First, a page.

UK-based guest blogger Sam Gatt shares the following advice:
There appears to be a huge influx of talent in the cosmetic surgery industry at the moment, and this is mainly due to the high levels of pay and mostly simply procedures involved. Over the last couple of years, shocking quantities of science and medical graduates have turned to this form of body modification when deciding on the best way to progress their education and career. Still, with so many people getting involved in the industry, could there come a time when it’s impossible to make a good wage from this endeavour?
I mean; the same thing happened with hairdressers a few years ago when colleges around the world started training thousands of students in the role. Unfortunately, this created the situation we face today, where the high streets of our hometowns are filled with hairdressing and beauty businesses unable to make a decent profit because of the sheer amount of competition. Presuming this could happen to body modification specialists, it begs the question; are cosmetic surgery careers really a good idea?
So, over the next few paragraphs, I’ll attempt to reach a conclusion by looking at all the pros and cons of working in this field today.
The Pros Of A Career In Cosmetic Surgery
- The Pay – Cosmetic surgeons can earn up to and including half a million each and every year. Although the competition is becoming stiff, this amount looks unlikely to drop to unfeasible levels anytime soon.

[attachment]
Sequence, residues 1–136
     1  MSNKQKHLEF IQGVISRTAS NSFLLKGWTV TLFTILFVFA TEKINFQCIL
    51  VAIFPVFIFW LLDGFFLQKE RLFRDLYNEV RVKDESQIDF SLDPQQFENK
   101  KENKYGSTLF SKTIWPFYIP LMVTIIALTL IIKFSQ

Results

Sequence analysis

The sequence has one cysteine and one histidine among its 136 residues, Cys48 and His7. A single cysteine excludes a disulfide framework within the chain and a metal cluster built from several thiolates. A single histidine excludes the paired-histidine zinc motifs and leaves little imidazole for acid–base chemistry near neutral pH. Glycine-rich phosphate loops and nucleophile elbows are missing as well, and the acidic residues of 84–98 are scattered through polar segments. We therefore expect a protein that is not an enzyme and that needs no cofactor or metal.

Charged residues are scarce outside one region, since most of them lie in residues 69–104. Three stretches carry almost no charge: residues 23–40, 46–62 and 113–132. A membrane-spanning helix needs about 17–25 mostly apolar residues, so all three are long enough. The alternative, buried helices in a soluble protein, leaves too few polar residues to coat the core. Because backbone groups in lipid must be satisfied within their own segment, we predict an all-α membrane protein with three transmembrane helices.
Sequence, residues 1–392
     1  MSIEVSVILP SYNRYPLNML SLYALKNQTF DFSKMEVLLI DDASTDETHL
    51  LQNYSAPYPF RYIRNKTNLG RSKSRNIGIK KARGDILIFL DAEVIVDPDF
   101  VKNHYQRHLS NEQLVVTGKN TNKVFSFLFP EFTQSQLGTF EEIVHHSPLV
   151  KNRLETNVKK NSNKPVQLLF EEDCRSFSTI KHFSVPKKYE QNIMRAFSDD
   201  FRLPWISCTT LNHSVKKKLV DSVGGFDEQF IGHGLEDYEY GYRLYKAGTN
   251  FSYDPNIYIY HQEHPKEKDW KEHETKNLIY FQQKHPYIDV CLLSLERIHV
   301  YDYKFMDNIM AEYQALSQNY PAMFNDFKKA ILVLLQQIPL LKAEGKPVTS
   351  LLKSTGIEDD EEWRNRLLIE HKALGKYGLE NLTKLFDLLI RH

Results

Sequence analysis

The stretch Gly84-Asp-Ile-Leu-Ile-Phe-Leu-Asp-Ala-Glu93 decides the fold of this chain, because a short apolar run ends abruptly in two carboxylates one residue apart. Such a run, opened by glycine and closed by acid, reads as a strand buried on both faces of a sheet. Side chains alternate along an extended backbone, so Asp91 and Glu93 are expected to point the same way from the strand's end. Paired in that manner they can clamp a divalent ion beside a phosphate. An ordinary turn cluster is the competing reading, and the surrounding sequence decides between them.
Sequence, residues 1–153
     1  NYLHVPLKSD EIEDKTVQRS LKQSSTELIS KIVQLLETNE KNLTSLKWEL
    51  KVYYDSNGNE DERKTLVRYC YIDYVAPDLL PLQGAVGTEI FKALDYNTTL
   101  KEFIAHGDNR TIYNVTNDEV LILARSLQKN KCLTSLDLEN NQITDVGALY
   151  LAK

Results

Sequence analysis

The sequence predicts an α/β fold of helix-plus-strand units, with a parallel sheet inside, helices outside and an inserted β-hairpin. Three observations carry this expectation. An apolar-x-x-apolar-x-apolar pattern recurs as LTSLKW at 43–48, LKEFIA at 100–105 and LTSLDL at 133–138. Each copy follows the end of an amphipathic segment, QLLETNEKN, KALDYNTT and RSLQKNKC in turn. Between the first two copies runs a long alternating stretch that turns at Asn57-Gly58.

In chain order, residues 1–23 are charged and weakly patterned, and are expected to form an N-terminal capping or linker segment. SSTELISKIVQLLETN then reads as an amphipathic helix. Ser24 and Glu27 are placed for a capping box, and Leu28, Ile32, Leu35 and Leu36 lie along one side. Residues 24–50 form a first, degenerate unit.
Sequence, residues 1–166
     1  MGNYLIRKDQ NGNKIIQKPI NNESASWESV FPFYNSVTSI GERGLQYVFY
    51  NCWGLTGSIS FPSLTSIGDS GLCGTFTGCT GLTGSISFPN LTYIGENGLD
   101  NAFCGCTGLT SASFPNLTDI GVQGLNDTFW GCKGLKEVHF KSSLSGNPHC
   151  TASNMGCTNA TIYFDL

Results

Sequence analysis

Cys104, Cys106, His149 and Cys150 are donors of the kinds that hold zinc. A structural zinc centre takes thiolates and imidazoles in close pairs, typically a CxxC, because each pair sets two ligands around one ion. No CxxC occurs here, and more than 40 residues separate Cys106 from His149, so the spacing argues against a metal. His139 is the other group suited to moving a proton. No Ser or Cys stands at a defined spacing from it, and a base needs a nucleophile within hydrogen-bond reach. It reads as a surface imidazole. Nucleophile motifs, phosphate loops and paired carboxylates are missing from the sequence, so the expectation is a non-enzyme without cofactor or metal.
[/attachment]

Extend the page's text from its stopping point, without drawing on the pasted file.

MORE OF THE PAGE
- Job Satisfaction – In instances where you’re performing plastic surgery on someone who’s experienced serious burns or an accident of some kind, you’ll get immense job satisfaction at the end of the day knowing that you are responsible for making that person feel a little more normal.
- Innovation – Once you’re qualified at a cosmetic surgeon, you’ll be free to create and test your own unique techniques. If you manage to come up with something truly innovative and useful, you could even revolutionise certain parts of the industry.
The Cons Of A Career In Cosmetic Surgery
- Lengthy Education – Unfortunately, anyone wishing to become a registered cosmetic surgeon will have to undertake a minimum of four to five years training at university, and this can put some people off the idea. However, in a recent survey, only 4% of registered professionals regretted their career choice.
- Higher Risks – For the obvious reasons, plastic surgeons face an increased risk of malpractice cases, which means you may find yourself defending your techniques in court on more than one occasion. That said; so long as you follow all guidelines, you’ll be covered.
So, you should clearly see that opting for a career in cosmetic surgery is still a very wise move at the current time. This could change in the near future depending on the amount of students enrolling on relevant courses, but anyone considering pursuing this path over the next couple of years shouldn’t experience any major issues. I hope this article will prove useful, and maybe it will have given some of you the inspiration needed to improve your lives.
See you next time!
UK-based guest blogger who writes on all thinks business and career-related.